Patrick Vieira insists there was never any chance of him replacing Unai Emery at Arsenal as he and Nice are "100 per cent" committed to one another.

Former Arsenal captain Vieira has been linked with the Gunners job since Arsene Wenger's departure in 2018, but Mikel Arteta instead took over after Emery was sacked in November.

The Frenchman says there were no talks with Arsenal on this occasion, although the Nice coach is adamant he would have turned down any offer regardless.

"No, but there is no place in my mind to have those kind of conversations," Vieira told the Daily Mail. "My focus is here [at Nice]. This project suits who I am and what I want to achieve.

"This rumour about the Arsenal job is not something that bothered me. I don't know what the future holds but that is why I don't want to put my brain somewhere that doesn't exist.

"This club knows I want to stay and I know they want me to stay, 100 per cent."

However, Vieira said he discussed the possibility of taking over from Wenger before he became Nice coach.

"It was just a conversation about my situation, where I am, what is the next step," he said. "Nothing came of it."

Vieira moved to Nice from New York City in June 2018 and found former Manchester City team-mate Mario Balotelli in his squad in France.

The Italy international, having starred at Nice prior to Vieira's arrival, failed to score under the new coach and departed for Marseille in the next transfer window.

Vieira added of Balotelli: "Mario's mindset was difficult for a collective sport.

"The philosophy I wanted to put in place, the togetherness and work ethic I wanted to build, it was difficult for me to work with a player like Mario.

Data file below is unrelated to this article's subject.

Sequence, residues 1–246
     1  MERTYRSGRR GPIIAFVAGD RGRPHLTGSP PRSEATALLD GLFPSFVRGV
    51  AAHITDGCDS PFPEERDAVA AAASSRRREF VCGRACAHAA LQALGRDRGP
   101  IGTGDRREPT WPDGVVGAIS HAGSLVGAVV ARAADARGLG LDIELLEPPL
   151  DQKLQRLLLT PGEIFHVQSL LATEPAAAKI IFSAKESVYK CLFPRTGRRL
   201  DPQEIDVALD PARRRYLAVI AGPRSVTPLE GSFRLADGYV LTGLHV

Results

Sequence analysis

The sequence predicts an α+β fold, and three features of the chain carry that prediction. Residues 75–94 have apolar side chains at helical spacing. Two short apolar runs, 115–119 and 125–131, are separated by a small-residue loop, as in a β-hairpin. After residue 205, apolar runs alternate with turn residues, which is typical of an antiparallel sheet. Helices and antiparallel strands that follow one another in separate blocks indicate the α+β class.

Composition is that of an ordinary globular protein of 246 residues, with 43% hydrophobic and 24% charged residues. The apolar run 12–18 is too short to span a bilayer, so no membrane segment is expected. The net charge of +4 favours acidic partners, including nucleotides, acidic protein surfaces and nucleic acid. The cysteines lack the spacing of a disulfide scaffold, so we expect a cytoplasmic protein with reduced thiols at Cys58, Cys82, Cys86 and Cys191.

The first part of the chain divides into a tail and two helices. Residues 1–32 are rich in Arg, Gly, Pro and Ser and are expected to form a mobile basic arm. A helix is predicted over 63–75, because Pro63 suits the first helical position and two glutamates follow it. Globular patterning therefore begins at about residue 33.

"It was really difficult for both of us to work together, so we decided to go different ways."

Italian police have handed a five-year ban from sports events to a supporter who racially abused Mario Balotelli in Brescia's match at Hellas Verona.

The fan has not been named, with Italian media describing him as a 38-year-old from the city of Agrigento.

Widespread reports in Italy said the police commissioner of Verona, Ivana Petricca, imposed the ban after an investigation into the events of November 3, when Balotelli reported hearing monkey chants.

Italy international Balotelli kicked the ball into the stands and threatened to walk off the pitch in the second half of his side's 2-1 defeat at Stadio Marcantonio Bentegodi, where he scored a late consolation goal for his team.

The abuse led to Serie A ordering a one-match partial stadium closure for Hellas Verona, while the club handed their head ultra an 11-year ban for defending the discriminatory chants.

Italian news agency ANSA said video footage and testimonies from those at the game led to the identification of the supporter, whose ban will apply to all sport events in Italy and within the European Union.

The man will be barred from parts of the city of Verona on football match days, ANSA said.

Lazio have avoided serious sanctions for racial abuse directed at Brescia's Mario Balotelli by their supporters after Lega Serie A confirmed the club have been handed a €20,000 fine.

Balotelli scored the opening goal in Sunday's encounter, before Lazio went on to claim a 2-1 victory thanks to Ciro Immobile's brace after Andrea Cistana had been sent off.

Shortly after Balotelli's goal, a warning was read out over the stadium's public address system after chants appeared to be targeting the Italy international.

Balotelli hit out at those responsible in an Instagram post that accompanied a clip of his goal, with the striker writing: "Lazio fans that were today [Sunday] at the stadium, SHAME ON YOU #saynotoracism."

The league agrees the chants were of a discriminatory nature and have issued a punishment, though Lazio avoided harsher sanctions due to their assistance in the investigation.

A Lega Serie A statement on Wednesday read: "Lazio was penalised an amount of €20,000 for having its supporters, in the 21st and 29th minutes of the first half, emitting a chant of racial discrimination against a player of the opposing team, in addition to an insulting chant against the same player in the 21st, 29th and 42nd minutes of the first half, which led the referee to interrupt the game to make the announcement aimed at the termination of the aforementioned discriminatory chant.